More Meetings Mean More Success on Trips, Finds CWT
Business trips are largely successful, and even more so when travelers add more meetings and spend a higher percentage of their trip time in meetings, according to new research from the CWT Solutions Group. The consulting arm of Carlson Wagonlit Travel surveyed 10,000 business travelers to compile the results into The Value of Business Travel: The Travelers' Perspective, to gauge traveler return on investment. The vast majority of respondents (88 percent) reported that their last business trip was successful, while 9.5 percent deemed their most recent trip average, with no significant benefit compared to the cost, and just 2.5 percent said their last trip was unsatisfactory. More than two-thirds (68 percent) of that last group had anticipated that their trips would be unsuccessful. A number of patterns emerged from the respondent data, suggesting the following tactics:
• Arrange more meetings. A trip with just one meeting is deemed unsuccessful 19 percent of the time. Each additional meeting reduces the likelihood of an unsuccessful trip by about 10 percent.
• Devote more time to meetings. The probability of an unsuccessful trip is 28 percent when the cumulative meeting time is less than one hour. When meetings take up two or more days, that probability is reduced to 8 percent.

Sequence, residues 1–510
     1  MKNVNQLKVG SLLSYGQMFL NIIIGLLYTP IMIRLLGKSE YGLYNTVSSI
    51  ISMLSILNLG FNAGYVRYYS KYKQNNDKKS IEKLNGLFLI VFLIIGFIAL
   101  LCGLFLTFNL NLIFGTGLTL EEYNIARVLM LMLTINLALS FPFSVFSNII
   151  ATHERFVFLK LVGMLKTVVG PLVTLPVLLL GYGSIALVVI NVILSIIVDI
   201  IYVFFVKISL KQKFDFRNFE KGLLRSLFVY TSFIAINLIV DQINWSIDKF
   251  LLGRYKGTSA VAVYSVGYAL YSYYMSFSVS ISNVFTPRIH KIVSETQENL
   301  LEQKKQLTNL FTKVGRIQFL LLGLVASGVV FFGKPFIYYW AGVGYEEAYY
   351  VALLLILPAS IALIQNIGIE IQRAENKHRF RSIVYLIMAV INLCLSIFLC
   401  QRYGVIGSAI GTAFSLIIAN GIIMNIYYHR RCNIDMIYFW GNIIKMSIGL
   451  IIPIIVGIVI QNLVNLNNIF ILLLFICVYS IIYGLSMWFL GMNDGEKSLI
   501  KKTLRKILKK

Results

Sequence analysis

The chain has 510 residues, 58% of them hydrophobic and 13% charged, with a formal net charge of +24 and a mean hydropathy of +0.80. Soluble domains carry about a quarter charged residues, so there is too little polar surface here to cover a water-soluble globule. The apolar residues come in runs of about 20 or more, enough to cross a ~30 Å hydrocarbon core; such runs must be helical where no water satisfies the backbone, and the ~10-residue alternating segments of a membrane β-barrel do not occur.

• Plan and book early. The longer in advance a trip is planned, the less likely it is to be unsuccessful. A trip booked less than three days in advance runs a 21 percent risk of being unsuccessful, while those booked more than two weeks out have just an 11 percent chance of being unsuccessful. "We're looking forward to working with our clients to reduce the number of unsuccessful trips and increase the value delivered by their travel programs," said the report's lead author, Catalin Ciobanu, the director of innovation and big data analytics for CWT Solutions Group. "Looking to the future, we believe that quantifying and tracking the impact of every business trip will help companies to better manage travel as a strategic activity supporting corporate goals."